Water-Gas Shift Reaction Catalyzed by Redox Enzymes on Conducting Graphite Platelets

Inorganic Chemistry Laboratory, University of Oxford, South Parks Road, Oxford OX1 3QR, UK.
Journal of the American Chemical Society (Impact Factor: 12.11). 10/2009; 131(40):14154-5. DOI: 10.1021/ja905797w
Source: PubMed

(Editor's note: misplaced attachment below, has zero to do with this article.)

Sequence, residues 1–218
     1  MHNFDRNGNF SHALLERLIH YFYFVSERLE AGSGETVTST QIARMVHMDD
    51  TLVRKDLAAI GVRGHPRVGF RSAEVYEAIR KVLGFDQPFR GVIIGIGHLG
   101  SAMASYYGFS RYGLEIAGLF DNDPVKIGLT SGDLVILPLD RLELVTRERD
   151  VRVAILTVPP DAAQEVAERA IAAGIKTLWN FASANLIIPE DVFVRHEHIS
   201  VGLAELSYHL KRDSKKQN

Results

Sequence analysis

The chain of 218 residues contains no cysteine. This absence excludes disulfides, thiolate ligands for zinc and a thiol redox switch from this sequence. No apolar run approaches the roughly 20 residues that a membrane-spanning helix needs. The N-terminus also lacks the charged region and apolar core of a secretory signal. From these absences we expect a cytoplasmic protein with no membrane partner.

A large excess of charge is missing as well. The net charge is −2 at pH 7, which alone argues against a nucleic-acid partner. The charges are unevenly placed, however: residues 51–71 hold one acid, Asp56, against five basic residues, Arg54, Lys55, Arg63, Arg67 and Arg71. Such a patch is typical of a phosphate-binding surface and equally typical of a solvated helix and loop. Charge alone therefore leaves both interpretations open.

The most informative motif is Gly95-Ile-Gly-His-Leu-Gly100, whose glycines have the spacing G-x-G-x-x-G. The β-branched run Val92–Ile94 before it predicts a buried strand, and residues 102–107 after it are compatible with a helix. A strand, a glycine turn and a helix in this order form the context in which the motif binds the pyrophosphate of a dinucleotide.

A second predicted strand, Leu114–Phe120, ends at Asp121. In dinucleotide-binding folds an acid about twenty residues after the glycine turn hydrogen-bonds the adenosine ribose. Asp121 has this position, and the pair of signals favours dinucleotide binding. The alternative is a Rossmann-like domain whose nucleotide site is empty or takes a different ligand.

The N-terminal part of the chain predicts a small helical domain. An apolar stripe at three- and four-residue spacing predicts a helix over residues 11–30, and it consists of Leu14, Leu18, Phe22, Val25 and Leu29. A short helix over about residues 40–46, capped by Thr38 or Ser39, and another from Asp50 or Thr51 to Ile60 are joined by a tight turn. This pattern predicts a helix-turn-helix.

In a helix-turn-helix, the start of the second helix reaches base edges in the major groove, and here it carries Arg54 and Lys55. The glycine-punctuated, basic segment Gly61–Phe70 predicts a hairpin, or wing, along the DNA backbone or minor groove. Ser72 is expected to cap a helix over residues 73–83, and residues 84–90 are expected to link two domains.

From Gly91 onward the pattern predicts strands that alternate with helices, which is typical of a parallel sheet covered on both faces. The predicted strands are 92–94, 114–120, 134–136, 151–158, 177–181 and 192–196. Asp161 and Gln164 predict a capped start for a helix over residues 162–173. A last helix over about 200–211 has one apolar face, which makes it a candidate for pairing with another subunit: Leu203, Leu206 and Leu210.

The water-gas shift (WGS) reaction (CO + H(2)O <==> CO(2) + H(2)) is of major industrial significance in the production of H(2) from hydrocarbon sources. High temperatures are required, typically in excess of 200 degrees C, using d-metal catalysts on oxide supports. In our study the WGS process is separated into two half-cell electrochemical reactions (H(+) reduction and CO oxidation), catalyzed by enzymes attached to a conducting particle. The H(+) reduction reaction is catalyzed by a hydrogenase, Hyd-2, from Escherichia coli, and CO oxidation is catalyzed by a carbon monoxide dehydrogenase (CODH I) from Carboxydothermus hydrogenoformans. This results in a highly efficient heterogeneous catalyst with a turnover frequency, at 30 degrees C, of at least 2.5 s(-1) per minimum functional unit (a CODH/Hyd-2 pair) which is comparable to conventional high-temperature catalysts.

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